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Evidence Undermines Climate Consensus Claims, Science Panelists Say

May 10, 2017

Scientists on ICCC-12's panel on climate science agreed human greenhouse gas emissions are not causing dangerous climate change.

Setting the stage for the main focus of Heartland’s 12th International Conference on Climate Change, the opening panel provided the scientific background for later discussions about climate policies the United States should adopt.

The panelists included atmospheric physicist S. Fred Singer, founder of the Science and Environmental Policy Project; geologist Don Easterbrook, contributing editor of the second edition of Evidence-Based Climate Science: Data Opposing CO2 Emissions as the Primary Source of Global Warming; and Willie Soon, an independent astrophysicist and geoscientist.

Analyzing the Data

Singer explored the purported steady global temperature rise from the late 19th century through the late 20th century. Singer noted there have been two distinct periods of warming recorded by the ground-based measuring systems during that period: a warming from the 1880s through the 1940s, and a warming from the late 1970s through the late 1990s.

The first period of warming came before the vast majority of humanity’s share of greenhouse gases was emitted and is entirely of a natural origin. The second period of claimed warming is largely an artifact of the datasets used, Singer said. The data utilized to show anthropogenic warming in the latter 20th century conflicts with eight other datasets, Singer added.

After showing how climate model temperature projections fail to reflect actual temperature measurements and the pause in temperature increases in the latter 20th and early 21st centuries, despite a continuing rise in carbon-dioxide levels, Singer concluded Earth’s atmosphere is much less sensitive to carbon dioxide than climate models assume and that there is no sound evidence of human-driven warming.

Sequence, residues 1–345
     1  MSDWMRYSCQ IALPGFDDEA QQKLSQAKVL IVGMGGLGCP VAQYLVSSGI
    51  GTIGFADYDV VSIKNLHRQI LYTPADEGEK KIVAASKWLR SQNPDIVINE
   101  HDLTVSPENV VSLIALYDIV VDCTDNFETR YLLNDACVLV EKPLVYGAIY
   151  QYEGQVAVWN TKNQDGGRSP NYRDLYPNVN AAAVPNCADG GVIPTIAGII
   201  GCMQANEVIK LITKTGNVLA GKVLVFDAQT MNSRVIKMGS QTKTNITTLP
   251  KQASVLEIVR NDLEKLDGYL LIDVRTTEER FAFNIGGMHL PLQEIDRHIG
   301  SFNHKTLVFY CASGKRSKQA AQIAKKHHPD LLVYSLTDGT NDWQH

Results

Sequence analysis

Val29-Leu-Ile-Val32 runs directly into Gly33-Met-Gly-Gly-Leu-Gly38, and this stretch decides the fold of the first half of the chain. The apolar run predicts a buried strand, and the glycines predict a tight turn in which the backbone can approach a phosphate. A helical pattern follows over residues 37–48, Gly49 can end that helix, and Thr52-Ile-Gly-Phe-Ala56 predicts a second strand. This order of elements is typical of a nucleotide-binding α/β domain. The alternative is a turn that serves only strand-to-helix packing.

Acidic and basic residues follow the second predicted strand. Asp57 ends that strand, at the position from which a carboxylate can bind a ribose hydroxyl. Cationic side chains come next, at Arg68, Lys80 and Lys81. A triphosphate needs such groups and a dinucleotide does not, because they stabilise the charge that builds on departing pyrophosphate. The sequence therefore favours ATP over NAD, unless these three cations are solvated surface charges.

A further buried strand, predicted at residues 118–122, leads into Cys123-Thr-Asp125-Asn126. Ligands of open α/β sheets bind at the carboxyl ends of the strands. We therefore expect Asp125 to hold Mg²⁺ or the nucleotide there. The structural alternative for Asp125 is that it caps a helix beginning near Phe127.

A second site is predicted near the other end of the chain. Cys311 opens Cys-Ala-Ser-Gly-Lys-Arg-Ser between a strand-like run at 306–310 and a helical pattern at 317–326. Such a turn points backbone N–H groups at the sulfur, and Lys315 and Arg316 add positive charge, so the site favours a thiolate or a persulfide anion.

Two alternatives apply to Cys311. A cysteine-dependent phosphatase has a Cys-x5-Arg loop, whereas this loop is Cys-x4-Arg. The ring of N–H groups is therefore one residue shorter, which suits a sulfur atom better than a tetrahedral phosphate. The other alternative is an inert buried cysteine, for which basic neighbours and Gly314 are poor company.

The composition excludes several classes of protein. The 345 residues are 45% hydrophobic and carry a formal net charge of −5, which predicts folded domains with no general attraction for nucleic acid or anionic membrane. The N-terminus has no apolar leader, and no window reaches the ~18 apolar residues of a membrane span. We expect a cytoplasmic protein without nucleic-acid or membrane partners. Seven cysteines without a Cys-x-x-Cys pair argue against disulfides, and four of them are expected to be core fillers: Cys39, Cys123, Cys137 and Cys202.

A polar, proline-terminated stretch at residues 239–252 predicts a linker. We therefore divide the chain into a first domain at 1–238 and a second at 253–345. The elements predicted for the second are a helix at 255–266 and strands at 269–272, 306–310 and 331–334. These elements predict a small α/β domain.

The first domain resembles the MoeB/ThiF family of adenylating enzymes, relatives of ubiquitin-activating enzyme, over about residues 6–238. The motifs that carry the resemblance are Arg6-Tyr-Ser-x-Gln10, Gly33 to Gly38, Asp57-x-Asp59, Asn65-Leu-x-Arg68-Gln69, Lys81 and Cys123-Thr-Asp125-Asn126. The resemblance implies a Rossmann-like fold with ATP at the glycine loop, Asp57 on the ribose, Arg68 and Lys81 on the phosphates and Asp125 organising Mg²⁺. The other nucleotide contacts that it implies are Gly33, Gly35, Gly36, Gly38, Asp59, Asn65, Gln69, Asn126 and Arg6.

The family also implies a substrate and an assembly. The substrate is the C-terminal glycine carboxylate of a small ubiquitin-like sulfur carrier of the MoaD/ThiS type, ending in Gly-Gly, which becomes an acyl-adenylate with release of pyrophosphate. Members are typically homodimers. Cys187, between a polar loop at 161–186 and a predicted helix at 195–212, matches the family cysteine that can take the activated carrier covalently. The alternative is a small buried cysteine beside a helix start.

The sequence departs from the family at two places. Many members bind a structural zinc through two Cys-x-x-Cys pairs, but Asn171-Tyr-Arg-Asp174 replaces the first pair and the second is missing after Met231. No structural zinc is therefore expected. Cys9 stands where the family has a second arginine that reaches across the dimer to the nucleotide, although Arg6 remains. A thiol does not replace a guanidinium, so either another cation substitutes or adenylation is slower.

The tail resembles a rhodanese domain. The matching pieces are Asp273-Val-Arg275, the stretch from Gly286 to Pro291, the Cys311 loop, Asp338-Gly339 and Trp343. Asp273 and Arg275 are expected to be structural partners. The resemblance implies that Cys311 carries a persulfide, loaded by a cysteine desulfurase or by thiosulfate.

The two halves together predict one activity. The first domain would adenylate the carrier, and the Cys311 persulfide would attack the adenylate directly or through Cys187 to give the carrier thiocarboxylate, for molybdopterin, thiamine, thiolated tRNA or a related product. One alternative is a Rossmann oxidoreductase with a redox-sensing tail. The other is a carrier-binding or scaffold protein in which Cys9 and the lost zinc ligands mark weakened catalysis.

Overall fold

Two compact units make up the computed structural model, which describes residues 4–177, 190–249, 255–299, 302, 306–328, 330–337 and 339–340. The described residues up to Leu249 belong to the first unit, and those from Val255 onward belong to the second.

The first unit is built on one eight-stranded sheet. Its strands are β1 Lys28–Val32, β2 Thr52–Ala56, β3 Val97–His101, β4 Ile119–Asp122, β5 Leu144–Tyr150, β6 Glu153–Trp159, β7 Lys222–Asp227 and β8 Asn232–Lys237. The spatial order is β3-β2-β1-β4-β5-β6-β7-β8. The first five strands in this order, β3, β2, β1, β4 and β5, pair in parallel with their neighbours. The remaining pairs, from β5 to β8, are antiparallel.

Easterbrook agreed with Singer’s claim carbon dioxide is not driving climate change. Copious amounts of research indicate solar activity, the rise and decline of sunspots, the increase and decrease in cosmic rays, and other cosmological and internal climate feedback mechanisms drive climate change, Easterbrook said.

In light of the current low level of solar activity, climate policy should be directed at responding to global cooling in the near future, but such a shift is unlikely to happen unless President Donald Trump replaces the director of NASA’s climate division, the heads of and lead staff at the National Oceanic and Atmospheric Administration and National Science Foundation, and replaces the “tampered” climate research they produced, Easterbrook said.

Cold, Hard Facts About Ice

Soon followed Easterbrook’s discussion by saying the decline in spring sea ice and snow in the Arctic is likely due to long-term solar cycles and is probably not unusual historically. In contrast to climate model predictions, Antarctica continues to add tens of thousands of tons of ice each year, Soon said.

H. Sterling Burnett, Ph.D. (hsburnett@heartland.org), is a research fellow at The Heartland Institute.

Author
H. Sterling Burnett, Ph.D. is a Heartland senior fellow on environmental policy and the managing editor of Environment & Climate News.
hsburnett@heartland.org

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